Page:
3-D Cloud Masking Across a Broad Swath using Multi-angle Polarimetry and Deep Learning
Abstract. Understanding the 3-dimensional structure of clouds is of crucial importance to modeling our changing climate. Active sensors, such as radar and lidar, provide accurate vertical cloud profiles, but are mostly restricted to along-track sampling. Passive sensors can capture a wide swath, but struggle to see beneath cloud tops. In essence, both types of products are restricted to two dimensions: as a cross-section in the active case, and an image in the passive case. However, multi-angle sensor configurations contain implicit information about 3D structure, due to parallax and atmospheric path differences. Extracting that implicit information can be challenging, requiring computationally expensive radiative transfer techniques that must make limiting assumptions. Machine learning, as an alternative, may be able to capture some of the complexity of a full 3D radiative transfer solution with significantly less computational expense. In this work, we make three contributions towards understanding 3D cloud structure from multi-angle polarimetry. First, we introduce a large-scale, open-source dataset that fuses existing cloud products into a format more amenable to machine learning. This dataset treats multi-angle polarimetry as an input, and radar-based vertical cloud profiles as an output. Second, we describe and evaluate strong baseline machine learning models based that predict these profiles from the passive imagery. Notably, these models are trained only on center-swath labels, but can predict cloud profiles over the entire passive imagery swath. Third, we leverage the information-theoretic nature of machine learning to draw conclusions about the relative utility of various sensor configurations, including spectral channels, viewing angles, and polarimetry. These findings have implications for Earth-observing missions such as NASA's Plankton, Aerosol, Cloud-ocean Ecosystem (PACE) and Atmosphere Observing System (AOS) missions, as well as in informing future applications of computer vision to atmospheric remote sensing.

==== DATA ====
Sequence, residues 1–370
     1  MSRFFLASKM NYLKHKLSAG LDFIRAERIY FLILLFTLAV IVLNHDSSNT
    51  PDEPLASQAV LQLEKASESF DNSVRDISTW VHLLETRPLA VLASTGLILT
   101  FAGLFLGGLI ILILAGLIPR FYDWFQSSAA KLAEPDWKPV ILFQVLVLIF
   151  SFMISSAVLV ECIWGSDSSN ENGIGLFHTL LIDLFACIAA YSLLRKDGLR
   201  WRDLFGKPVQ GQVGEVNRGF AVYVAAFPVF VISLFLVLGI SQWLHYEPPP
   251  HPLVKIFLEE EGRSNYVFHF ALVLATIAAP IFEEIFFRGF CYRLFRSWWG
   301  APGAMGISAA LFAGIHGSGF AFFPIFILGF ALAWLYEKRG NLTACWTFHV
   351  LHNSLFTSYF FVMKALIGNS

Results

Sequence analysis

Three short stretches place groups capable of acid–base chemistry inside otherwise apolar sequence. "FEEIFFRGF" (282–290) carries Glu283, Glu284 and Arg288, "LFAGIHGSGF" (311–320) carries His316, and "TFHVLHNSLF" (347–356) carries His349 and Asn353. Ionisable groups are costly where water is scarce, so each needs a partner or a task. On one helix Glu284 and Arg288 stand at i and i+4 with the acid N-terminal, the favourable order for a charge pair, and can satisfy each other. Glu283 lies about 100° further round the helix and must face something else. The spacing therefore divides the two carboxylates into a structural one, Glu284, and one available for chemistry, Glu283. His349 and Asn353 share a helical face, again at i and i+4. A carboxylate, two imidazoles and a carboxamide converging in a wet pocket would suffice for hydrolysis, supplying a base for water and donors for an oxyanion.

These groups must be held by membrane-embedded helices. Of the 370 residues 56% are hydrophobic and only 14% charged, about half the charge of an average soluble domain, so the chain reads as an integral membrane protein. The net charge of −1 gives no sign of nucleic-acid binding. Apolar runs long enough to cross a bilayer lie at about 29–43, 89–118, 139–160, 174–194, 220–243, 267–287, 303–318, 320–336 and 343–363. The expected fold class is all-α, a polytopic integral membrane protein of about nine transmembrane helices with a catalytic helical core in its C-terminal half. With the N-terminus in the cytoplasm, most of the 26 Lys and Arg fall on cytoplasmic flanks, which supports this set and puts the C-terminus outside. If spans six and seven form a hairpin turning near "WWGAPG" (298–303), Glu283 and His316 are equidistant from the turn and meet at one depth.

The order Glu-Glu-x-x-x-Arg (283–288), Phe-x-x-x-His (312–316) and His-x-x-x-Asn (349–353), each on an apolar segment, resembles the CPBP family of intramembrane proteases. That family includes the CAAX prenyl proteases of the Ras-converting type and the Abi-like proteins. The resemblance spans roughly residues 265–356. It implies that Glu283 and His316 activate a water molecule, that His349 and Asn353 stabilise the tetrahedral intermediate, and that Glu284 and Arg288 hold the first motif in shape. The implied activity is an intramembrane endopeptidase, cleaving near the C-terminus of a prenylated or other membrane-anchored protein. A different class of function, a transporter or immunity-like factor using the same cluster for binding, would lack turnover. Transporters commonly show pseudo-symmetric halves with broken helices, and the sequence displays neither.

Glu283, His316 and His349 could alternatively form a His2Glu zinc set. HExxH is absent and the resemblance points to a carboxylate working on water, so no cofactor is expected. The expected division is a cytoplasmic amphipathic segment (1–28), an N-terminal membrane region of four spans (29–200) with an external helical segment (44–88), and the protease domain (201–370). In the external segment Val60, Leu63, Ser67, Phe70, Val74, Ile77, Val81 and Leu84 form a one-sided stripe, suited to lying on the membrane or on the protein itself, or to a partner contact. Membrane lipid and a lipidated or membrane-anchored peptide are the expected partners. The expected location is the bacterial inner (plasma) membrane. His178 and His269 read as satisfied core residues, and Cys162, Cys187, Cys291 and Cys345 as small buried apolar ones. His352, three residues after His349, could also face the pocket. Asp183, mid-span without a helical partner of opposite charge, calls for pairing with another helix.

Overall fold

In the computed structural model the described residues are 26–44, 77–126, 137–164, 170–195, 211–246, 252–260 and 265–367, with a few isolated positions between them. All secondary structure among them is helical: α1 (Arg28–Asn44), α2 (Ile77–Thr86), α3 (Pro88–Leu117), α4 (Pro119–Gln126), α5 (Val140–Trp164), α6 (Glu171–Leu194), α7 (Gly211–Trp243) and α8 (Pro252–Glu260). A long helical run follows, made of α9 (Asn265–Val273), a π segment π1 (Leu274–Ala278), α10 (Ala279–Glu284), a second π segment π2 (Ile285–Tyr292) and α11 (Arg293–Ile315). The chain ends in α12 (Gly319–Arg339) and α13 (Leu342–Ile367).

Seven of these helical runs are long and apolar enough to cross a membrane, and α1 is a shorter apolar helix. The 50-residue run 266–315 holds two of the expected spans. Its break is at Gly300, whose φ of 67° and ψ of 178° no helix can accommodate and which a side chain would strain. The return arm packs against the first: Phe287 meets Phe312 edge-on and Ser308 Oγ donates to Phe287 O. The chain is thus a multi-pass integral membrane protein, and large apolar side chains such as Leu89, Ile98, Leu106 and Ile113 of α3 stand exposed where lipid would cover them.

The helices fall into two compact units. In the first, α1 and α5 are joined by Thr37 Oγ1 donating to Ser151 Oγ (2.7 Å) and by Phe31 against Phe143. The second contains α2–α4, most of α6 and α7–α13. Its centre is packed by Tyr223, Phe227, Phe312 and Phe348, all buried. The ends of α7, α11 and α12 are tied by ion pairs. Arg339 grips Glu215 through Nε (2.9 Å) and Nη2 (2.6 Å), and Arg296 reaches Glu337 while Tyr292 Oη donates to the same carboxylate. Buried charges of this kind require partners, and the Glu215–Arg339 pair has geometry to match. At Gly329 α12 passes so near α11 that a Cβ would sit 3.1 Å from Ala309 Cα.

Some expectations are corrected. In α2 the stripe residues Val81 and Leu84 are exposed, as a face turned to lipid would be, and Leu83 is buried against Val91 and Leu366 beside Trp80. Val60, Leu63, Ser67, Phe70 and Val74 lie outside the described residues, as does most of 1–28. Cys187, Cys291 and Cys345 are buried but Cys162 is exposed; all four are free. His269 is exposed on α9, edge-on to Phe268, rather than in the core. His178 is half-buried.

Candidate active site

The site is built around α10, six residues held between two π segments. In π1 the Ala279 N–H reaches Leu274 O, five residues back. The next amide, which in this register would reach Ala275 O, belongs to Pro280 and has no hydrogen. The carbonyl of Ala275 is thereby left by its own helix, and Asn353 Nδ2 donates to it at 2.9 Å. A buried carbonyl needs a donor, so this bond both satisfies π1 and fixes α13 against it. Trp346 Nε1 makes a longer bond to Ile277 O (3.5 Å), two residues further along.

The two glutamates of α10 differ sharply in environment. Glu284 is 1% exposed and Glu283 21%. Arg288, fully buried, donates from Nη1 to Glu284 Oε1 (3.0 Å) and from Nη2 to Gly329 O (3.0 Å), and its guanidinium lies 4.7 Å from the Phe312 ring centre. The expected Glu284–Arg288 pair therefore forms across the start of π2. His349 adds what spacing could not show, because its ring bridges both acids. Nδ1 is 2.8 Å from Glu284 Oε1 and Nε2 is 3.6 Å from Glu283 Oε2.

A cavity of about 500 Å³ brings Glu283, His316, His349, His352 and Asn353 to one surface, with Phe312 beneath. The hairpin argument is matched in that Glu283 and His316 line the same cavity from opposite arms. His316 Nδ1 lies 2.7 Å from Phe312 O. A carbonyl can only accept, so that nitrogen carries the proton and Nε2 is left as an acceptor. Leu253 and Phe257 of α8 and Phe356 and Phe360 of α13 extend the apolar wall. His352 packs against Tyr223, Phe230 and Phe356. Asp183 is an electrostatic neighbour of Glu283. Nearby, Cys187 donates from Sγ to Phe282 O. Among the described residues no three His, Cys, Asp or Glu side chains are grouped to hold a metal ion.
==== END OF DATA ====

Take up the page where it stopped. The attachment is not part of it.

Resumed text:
Status: open (until 23 Feb 2024)
A-Train Cloud Segmentation Dataset https://seabass.gsfc.nasa.gov/archive/NASA_GSFC/ATCS/ATCS_dataset/
Viewed (geographical distribution)